Under the agreement, Kwantlen would receive $15,000 a year, over 20 years, from the pipeline company to fund scholarships for apprenticeships and trades programs, as well as a new environmental protection technical lab.
"Quite frankly those scholarships aren't massive," said Allison Gonzales, president of the Kwantlen Student Association, who says the pipeline expansion contradicts Kwantlen's mandate for sustainability.
"Although its going towards the environmental protection program, I've already had students tell me that there's absolutely no way they will take that money."
Kinder Morgan is seeking approval from the National Energy Board to nearly triple the bitumen-carrying capacity of its existing pipeline that runs from Alberta to Burnaby, B.C.
But the $5.4 billion project has come under fire from environmental activists and First Nations groups, who say it would increase the possibility of oil spills, risking threats to the environment and wildlife.
No political stance
"I have no real qualms about it," said Salvador Ferreras, Provost and Academic Vice President of the university.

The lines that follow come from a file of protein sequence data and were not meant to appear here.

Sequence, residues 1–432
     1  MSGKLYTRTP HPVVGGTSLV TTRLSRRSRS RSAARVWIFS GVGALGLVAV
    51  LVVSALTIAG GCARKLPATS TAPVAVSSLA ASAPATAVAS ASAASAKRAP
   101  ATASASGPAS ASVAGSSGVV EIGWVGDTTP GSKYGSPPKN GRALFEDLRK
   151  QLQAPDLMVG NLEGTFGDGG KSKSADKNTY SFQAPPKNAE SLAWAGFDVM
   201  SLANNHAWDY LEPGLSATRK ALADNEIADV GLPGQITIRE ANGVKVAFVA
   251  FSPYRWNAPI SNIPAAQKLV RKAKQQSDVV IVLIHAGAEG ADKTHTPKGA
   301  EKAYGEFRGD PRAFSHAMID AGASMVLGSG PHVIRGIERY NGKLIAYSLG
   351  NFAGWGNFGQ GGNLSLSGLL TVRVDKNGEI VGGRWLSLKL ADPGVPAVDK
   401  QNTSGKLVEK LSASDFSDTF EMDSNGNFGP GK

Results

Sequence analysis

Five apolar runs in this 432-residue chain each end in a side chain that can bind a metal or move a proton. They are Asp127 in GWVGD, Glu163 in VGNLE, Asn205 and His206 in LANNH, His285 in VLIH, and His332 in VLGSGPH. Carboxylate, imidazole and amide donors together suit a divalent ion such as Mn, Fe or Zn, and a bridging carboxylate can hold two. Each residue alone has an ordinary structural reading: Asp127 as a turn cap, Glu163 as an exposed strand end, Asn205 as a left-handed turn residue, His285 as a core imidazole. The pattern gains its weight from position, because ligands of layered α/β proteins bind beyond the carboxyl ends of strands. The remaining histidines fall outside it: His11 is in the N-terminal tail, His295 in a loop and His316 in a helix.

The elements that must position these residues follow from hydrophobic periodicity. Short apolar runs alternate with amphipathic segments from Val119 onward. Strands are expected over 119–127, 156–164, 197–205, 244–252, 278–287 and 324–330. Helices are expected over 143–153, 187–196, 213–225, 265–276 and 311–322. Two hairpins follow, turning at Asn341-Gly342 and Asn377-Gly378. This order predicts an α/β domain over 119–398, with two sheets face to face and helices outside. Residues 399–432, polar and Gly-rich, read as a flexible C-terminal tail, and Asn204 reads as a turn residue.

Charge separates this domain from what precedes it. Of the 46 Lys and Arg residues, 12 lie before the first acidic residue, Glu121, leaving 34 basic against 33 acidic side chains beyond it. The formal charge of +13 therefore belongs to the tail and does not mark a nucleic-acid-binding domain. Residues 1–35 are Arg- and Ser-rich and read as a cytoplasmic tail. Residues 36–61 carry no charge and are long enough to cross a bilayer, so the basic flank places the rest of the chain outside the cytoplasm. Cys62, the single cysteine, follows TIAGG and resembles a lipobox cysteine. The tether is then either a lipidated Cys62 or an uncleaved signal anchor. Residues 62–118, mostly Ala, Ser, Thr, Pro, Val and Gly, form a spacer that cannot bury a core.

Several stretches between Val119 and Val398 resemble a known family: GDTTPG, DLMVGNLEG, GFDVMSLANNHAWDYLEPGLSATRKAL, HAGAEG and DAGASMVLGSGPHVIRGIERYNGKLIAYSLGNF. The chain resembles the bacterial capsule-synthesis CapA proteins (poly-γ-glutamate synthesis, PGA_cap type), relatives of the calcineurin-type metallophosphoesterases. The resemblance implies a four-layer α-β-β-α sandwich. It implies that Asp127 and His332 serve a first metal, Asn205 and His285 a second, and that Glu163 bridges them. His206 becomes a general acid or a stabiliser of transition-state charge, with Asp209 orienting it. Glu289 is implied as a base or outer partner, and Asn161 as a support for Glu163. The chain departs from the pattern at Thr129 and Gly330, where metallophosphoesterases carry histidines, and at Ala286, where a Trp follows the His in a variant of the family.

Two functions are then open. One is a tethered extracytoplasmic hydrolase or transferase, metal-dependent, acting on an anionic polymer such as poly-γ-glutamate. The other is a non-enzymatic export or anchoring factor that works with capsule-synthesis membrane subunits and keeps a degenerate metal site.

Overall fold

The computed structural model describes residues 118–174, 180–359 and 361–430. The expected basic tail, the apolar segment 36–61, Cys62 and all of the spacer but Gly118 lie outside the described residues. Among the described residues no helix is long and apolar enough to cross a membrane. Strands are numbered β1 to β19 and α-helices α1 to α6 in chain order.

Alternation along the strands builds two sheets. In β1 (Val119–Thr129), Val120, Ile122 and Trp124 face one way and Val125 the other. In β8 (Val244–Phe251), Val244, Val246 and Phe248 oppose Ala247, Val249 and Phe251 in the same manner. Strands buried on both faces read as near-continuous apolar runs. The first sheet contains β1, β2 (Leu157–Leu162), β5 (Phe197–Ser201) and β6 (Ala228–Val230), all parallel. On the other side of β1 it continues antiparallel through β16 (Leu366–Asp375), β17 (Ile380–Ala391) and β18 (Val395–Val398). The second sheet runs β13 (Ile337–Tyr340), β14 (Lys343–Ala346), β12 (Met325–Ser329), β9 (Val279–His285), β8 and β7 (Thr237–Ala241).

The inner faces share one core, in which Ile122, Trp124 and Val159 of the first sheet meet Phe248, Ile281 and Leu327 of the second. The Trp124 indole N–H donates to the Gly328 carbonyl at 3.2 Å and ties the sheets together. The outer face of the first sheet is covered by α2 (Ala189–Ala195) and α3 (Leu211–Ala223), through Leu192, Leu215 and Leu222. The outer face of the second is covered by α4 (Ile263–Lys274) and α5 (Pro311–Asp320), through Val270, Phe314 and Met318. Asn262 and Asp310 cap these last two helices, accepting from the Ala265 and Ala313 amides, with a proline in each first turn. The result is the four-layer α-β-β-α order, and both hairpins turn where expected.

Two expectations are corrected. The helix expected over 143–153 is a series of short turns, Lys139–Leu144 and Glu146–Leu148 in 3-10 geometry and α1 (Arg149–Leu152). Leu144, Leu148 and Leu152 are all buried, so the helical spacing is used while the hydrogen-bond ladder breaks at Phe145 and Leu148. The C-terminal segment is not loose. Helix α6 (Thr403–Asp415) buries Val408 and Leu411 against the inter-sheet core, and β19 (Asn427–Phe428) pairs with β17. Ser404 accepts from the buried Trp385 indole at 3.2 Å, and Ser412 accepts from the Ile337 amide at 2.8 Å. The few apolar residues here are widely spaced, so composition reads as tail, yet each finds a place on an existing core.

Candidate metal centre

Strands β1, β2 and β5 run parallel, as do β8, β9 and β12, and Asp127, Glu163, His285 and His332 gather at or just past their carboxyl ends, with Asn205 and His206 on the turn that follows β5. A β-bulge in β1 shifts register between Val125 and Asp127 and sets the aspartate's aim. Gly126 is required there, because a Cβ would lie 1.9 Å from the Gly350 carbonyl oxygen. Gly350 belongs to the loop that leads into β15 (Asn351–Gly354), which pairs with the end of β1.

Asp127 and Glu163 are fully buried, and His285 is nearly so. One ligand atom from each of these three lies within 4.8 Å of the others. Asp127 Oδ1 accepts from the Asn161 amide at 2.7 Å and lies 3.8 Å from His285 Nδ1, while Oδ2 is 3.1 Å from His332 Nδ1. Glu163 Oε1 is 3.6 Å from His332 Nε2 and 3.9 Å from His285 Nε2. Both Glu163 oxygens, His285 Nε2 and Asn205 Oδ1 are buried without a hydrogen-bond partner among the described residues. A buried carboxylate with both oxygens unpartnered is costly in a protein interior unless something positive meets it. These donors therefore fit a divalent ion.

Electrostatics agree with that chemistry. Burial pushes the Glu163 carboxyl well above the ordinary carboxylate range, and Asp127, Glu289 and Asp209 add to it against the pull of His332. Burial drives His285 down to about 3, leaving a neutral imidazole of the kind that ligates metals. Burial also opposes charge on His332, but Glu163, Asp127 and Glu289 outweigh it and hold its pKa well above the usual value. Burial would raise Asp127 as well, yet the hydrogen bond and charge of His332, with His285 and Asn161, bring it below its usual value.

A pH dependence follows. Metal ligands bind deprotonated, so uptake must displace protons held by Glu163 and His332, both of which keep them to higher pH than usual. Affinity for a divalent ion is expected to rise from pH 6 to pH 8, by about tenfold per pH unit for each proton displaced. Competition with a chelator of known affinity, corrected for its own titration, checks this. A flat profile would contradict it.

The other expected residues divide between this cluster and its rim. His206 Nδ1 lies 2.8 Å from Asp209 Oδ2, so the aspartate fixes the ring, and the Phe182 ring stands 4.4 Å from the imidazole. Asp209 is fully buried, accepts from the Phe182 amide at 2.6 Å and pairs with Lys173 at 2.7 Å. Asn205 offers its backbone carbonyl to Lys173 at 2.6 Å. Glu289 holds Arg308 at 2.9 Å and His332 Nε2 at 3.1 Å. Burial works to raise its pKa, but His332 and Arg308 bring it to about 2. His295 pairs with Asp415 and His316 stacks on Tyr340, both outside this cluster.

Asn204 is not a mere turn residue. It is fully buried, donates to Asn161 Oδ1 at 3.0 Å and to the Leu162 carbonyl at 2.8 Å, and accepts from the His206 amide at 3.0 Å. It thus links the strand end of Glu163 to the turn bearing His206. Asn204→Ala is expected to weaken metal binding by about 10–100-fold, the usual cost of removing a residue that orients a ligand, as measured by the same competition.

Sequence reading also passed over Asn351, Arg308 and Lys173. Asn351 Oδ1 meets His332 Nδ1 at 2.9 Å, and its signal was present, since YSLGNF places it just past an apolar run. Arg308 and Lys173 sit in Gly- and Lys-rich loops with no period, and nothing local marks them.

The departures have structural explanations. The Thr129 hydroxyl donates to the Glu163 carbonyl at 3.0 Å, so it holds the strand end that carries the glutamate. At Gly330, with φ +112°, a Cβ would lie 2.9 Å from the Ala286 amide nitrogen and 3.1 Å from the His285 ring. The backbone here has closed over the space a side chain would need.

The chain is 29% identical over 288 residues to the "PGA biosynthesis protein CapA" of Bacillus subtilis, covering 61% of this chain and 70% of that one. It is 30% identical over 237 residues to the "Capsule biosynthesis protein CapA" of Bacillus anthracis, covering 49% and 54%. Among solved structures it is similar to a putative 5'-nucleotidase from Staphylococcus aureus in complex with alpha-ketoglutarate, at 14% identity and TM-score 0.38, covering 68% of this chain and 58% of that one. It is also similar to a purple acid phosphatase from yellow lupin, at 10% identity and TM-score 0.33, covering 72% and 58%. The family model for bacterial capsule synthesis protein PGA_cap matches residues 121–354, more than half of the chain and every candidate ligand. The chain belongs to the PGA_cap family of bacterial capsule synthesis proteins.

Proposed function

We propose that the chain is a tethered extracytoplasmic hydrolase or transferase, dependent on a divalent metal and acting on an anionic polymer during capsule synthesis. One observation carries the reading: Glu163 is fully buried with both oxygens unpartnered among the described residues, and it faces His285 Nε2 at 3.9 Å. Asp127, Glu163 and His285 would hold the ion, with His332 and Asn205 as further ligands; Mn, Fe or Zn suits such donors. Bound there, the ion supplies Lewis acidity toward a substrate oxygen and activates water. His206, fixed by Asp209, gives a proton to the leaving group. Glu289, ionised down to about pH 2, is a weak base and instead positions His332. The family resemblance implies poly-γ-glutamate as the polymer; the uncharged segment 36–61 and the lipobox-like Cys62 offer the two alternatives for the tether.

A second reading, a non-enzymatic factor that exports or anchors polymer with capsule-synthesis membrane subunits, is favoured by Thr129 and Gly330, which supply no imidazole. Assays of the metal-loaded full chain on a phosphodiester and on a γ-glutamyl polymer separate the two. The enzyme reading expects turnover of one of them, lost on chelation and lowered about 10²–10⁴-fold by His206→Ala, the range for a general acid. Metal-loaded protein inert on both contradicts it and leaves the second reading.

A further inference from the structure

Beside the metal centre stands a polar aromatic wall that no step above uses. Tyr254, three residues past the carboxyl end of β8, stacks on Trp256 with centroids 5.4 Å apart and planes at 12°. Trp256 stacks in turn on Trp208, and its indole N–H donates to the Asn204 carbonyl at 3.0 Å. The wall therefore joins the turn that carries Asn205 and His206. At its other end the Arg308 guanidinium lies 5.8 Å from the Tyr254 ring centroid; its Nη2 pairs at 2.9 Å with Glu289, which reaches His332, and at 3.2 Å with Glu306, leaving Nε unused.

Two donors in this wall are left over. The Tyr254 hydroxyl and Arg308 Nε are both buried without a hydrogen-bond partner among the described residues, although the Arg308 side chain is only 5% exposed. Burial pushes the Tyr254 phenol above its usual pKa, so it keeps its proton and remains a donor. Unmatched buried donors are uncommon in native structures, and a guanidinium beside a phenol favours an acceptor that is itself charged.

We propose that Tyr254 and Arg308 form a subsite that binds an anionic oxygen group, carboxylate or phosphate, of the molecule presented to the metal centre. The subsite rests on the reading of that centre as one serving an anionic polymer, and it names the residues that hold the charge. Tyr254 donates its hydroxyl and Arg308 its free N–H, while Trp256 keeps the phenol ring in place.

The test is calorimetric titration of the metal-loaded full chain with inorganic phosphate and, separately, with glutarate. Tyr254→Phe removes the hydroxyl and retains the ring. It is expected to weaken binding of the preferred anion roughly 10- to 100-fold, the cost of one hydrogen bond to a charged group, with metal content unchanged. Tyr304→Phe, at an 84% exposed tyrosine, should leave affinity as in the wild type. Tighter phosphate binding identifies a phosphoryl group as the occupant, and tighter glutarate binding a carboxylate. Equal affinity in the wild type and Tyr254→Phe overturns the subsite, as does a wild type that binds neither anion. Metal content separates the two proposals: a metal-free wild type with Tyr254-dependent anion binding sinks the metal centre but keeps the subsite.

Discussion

"The optics sometimes will be uncomfortable... these are... difficult decisions that we have to make on behalf of the success of all the students."
The student association, which represents over 18,000 students enrolled at the university's four campuses, said in a statement that acceptance of the money amounts to a "tacit endorsement" of the Trans Mountain pipeline.
But Ferreras says the university does not have a political stance on the project.
"It's a sensitive issue... we do not have a position on the pipeline itself, but we do have a position on our students' success," he said.
"That's where we focus our energy."
This is the second large commitment Kinder Morgan has made contingent on the approval of its pipeline expansion.
In April, it pledged half a million dollars to Thompson Rivers University in Kamloops.